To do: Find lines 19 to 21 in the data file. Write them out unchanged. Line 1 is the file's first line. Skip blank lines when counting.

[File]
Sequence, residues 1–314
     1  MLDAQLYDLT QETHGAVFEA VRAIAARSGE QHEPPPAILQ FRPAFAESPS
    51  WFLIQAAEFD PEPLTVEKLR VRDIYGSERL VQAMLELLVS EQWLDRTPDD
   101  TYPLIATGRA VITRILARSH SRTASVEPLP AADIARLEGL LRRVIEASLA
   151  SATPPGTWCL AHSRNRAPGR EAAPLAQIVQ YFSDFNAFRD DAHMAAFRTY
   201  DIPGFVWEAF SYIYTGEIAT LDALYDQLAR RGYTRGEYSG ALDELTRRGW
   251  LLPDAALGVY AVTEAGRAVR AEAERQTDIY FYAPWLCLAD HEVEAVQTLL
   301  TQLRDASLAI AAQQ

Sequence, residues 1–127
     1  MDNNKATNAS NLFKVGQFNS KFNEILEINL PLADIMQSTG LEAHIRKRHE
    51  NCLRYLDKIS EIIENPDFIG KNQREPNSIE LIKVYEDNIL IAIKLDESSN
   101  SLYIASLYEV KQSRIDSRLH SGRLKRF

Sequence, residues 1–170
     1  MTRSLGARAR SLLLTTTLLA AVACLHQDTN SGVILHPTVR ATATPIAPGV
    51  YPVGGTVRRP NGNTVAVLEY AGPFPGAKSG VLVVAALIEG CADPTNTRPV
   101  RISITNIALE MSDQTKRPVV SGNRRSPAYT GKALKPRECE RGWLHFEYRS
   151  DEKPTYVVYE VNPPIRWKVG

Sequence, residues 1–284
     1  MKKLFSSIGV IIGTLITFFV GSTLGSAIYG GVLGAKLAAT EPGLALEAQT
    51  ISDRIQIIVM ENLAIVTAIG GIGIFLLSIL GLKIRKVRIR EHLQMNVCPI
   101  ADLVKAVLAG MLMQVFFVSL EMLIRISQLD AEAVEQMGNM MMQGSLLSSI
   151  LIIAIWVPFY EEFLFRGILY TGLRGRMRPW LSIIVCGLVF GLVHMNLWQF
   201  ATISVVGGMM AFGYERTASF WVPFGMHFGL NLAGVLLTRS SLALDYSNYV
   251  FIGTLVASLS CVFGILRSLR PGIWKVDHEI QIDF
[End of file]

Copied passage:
     1  MKKLFSSIGV IIGTLITFFV GSTLGSAIYG GVLGAKLAAT EPGLALEAQT
    51  ISDRIQIIVM ENLAIVTAIG GIGIFLLSIL GLKIRKVRIR EHLQMNVCPI
   101  ADLVKAVLAG MLMQVFFVSL EMLIRISQLD AEAVEQMGNM MMQGSLLSSI